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A Quick Note on Steroids in Sports

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Update:  It has been pointed out (correctly) that the Cushing photos below are actually reversed:  Cushing in high school is the bottom one, Cushing in college coming off surgery is the top one.  It doesn't change much of my thesis, however.  If anything, Cushing's highschool photos further my point.  The error is not changed below - feel free to make fun of me as much as you'd like.

 

You've probably noticed, over the past few days, a glut of content in the MSM regarding Steroids, A-Rod, and how they're both destroying American sports.  It happens every year around this time - right before pitchers and catchers report to Spring Training, the media members have nothing to write about, and blamo: manufactured outrage over people who are "faking it" and destroying sports we love.  Last year, it was the Mitchell Report.  This year, it's A-Rod, who (unbeknownst to me) was somehow annointed "baseball's savior" after the juiced era and has single-handedly destroyed baseball.

There are so many things wrong with that thesis that I'm not even going to touch it.  Instead, I direct you to a message board post - of all places - that will defend Baseball better than I can.  Scroll down to Misopogon's response.

Instead of getting into baseball, I'd like to have a word with you regarding football, basketball, hockey, golf, and all the other sports that are seemingly being spared the wrath of the manufactured outrage.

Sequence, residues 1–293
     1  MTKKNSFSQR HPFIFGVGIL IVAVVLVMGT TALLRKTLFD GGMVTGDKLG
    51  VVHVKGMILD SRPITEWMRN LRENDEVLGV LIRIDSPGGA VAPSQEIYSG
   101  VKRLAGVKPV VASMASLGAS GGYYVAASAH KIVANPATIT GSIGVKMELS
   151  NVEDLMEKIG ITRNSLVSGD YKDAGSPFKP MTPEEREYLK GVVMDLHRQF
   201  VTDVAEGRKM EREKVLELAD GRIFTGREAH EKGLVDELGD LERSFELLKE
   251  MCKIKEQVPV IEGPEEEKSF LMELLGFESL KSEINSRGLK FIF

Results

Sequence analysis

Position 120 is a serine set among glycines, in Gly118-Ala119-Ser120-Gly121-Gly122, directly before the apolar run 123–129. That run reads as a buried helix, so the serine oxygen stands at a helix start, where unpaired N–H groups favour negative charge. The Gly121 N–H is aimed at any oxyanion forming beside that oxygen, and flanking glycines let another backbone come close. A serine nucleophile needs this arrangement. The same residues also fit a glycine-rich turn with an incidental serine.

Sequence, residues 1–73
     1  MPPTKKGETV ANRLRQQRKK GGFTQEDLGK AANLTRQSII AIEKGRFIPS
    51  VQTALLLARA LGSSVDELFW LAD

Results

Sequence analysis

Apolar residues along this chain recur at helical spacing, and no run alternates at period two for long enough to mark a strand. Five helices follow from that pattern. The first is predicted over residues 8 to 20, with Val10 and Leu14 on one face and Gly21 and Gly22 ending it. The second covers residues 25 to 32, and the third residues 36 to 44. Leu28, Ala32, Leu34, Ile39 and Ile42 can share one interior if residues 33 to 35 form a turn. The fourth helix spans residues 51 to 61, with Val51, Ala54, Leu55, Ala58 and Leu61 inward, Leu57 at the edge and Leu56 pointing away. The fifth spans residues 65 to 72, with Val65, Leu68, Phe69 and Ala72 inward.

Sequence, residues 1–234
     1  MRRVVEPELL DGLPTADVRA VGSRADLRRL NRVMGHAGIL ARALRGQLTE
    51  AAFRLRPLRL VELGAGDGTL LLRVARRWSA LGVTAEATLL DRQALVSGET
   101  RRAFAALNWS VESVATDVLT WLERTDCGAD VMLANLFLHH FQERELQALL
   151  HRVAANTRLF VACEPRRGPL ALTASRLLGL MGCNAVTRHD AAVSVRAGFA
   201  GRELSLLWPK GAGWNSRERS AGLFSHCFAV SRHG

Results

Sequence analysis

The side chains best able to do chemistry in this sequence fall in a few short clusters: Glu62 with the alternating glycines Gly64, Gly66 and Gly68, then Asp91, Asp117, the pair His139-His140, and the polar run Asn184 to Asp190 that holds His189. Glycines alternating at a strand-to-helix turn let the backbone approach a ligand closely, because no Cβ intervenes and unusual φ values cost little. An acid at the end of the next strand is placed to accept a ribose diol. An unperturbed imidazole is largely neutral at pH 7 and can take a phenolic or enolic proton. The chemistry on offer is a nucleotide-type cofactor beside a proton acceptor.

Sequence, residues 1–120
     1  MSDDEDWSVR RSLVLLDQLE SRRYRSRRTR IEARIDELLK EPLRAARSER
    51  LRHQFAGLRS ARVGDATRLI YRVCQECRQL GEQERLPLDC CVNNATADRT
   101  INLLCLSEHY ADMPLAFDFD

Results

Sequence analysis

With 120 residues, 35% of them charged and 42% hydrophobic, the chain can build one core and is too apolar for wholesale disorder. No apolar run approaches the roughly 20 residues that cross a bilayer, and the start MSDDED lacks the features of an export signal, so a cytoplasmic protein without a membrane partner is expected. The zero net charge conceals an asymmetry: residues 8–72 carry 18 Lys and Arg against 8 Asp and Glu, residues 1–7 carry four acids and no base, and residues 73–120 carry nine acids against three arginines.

Do you want to know how a 6'5" 295 lbs. man can run a 4.6 40 and manage to push his body to the absolute threshold of "not falling apart" every Sunday for 17 consecutive Sundays, all while working out like a fiend in the downtime?  I'm looking at you Shawn Merriman.

Do you want to know how 17 year old high school kids (yes, high school kids) can have physiques that most people who are actually done growing will never achieve?

Do you want to know how Brian Cushing can go from this:

Cushing_medium

via www.trojanwire.com

to this:

Briancushing7_301200_medium

via vmedia.rivals.com**

The number of athletes in NCAA Division 1 football who are on Anabolic Steroids or HGH would stagger the public who claim to be so outraged at people like A-Rod.  And it starts in locker rooms of high schools across the country.  How do I know?  Because I've been in that locker room, and I've seen the High Schoolers doing it.  Whats more is that I don't doubt that there are countless others like it across the country.  It wasn't in some shady part of town: it was in the nicest suburb of a typical midwestern city.  That year, this team sent 3 kids to the Big Ten, 1 to a JuCo with the promise of Big Ten scholorships once his grades improved, and many others to smaller colleges across the country.  This isn't an isolated incident: this was many years ago, and I promise you it is happening right now.